USAID helps agricultural producers in Tajikistan find partners for new markets

By Negmatullo Mirsaidov


Tajik First Deputy Prime Minister Davlatali Said and Khatlon province leader Kurbon Hakimzoda examine a display of jams, preserves, honey and fruit puree at the Bactria Food 2021 Trade Forum in Bokhtar city on May 25. [Negmatullo Mirsaidov]

BOKHTAR - Buyers from Kazakhstan, Georgia, Lithuania, Serbia, Pakistan and Afghanistan are expressing interest in purchasing agricultural goods produced by farmers of Khatlon province, Tajikistan.

In order to expand trade and exports, on May 25, USAID, in co-operation with the Export Promotion Agency and the Khatlon government, hosted the Bactria Food 2021 Trade Forum in Bokhtar city, Khatlon's administrative center.

Roughly 200 producers from various regions of Tajikistan and 15 entrepreneurs from neighboring countries and several European countries took the opportunity to establish partnerships, the forum said.

Participants learned about Khatlon's agricultural production potential and capacity to export produce, taking part in break-out groups and a trade fair for agricultural and livestock products and the food processing industry.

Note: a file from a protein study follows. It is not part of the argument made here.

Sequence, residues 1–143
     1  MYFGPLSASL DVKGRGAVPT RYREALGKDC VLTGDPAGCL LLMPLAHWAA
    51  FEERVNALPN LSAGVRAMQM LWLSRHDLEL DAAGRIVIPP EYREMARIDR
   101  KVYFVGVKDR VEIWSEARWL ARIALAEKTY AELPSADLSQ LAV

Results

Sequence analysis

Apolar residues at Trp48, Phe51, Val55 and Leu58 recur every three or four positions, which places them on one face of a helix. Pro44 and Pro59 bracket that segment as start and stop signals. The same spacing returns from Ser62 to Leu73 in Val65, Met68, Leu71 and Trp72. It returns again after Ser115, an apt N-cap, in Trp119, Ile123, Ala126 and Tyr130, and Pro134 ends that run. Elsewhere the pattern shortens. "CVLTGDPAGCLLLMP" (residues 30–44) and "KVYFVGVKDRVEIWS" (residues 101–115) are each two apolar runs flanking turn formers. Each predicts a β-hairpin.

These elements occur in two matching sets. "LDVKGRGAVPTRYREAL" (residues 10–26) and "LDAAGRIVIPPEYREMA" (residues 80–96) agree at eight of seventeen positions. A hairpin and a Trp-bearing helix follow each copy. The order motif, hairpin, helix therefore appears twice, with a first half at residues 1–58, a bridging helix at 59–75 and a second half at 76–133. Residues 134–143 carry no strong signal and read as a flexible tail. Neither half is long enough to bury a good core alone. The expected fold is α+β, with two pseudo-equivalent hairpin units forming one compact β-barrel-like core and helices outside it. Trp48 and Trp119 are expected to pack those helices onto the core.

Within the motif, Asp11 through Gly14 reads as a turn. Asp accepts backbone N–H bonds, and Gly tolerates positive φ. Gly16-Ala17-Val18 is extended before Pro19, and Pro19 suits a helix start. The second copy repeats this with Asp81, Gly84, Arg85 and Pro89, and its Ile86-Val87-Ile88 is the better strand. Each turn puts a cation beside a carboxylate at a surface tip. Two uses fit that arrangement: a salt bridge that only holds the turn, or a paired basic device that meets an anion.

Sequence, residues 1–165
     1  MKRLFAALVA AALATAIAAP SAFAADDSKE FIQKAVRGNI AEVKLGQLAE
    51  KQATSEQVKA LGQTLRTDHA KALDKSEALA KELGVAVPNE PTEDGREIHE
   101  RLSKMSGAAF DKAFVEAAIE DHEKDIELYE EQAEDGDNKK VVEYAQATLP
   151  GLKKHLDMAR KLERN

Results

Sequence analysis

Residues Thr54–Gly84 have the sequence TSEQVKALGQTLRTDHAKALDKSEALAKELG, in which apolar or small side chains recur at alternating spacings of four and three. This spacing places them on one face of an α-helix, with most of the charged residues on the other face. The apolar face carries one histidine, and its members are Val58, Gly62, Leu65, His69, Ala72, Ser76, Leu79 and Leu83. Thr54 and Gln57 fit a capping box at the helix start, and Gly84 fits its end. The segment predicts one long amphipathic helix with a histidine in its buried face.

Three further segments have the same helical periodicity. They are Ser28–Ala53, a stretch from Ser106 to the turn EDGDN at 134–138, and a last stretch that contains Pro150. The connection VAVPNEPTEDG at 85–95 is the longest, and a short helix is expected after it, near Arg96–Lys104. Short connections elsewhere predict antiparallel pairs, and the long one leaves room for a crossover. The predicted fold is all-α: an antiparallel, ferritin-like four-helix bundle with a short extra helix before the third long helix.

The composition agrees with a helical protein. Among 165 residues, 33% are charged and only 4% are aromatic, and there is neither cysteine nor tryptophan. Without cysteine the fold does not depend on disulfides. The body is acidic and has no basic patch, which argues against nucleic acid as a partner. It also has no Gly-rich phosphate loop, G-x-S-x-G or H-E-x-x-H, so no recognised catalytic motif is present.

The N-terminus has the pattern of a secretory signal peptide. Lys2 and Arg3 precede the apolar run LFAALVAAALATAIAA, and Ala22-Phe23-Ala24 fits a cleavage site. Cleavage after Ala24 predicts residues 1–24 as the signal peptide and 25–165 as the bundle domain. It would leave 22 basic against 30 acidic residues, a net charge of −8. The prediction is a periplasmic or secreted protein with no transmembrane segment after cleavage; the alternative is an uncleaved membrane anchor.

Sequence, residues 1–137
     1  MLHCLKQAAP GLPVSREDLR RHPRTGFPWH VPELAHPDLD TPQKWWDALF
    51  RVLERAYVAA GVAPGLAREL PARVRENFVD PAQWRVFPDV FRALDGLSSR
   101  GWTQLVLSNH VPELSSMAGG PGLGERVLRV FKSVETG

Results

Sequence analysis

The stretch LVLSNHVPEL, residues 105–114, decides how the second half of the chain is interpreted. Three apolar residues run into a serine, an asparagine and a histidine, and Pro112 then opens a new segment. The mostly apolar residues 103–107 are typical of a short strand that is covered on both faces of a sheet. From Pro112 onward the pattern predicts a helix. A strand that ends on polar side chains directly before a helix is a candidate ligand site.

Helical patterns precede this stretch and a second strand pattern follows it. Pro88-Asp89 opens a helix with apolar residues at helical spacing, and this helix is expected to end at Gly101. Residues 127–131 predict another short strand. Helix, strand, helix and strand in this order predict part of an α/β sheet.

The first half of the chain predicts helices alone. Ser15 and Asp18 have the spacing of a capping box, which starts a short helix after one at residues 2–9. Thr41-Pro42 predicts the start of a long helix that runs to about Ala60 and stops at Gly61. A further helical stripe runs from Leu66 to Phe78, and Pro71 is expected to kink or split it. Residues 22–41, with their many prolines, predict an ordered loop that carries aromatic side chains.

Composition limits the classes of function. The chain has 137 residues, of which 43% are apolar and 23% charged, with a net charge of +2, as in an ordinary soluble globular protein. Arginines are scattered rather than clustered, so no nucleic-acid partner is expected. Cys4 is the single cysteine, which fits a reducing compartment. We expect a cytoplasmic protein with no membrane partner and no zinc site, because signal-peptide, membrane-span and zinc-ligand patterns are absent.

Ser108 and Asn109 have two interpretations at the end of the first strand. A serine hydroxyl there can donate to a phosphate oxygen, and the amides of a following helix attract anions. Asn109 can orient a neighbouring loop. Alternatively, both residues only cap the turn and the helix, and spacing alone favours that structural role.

Participants attend the Bactria Food 2021 Trade Forum on May 25. More than 200 producers and customers of agricultural products came to Bokhtar to attend the forum. [Negmatullo Mirsaidov]


Officials from the Avalin (Tajikistan) and Jotagris (Lithuania) companies sign an agreement to export Tajik watermelons the Bactria Food 2021 Trade Forum in Bokhtar city on May 25. [Negmatullo Mirsaidov]

Several export agreements were inked during the forum, and international contacts were established.

First Deputy Prime Minister Davlatali Said and Khatlon Chairman Kurbon Hakimzoda welcomed forum participants and told them about the region's potential for agricultural production and prospects for expanded production.

The government is seeking "to create a wide network of small but versatile production facilities for processing fruits, vegetables, meat and milk", he said.

This is intended to reduce the country's dependence on imports and develop its export potential, he added.

Said highlighted a project to create four logistics centers on the border with Uzbekistan and Afghanistan, which should significantly improve Khatlon's export capabilities .

Producing competitive products

The topography of Khatlon province, Tajikistan's largest, comprises farm-friendly plains, and the Vaksh River waters the region.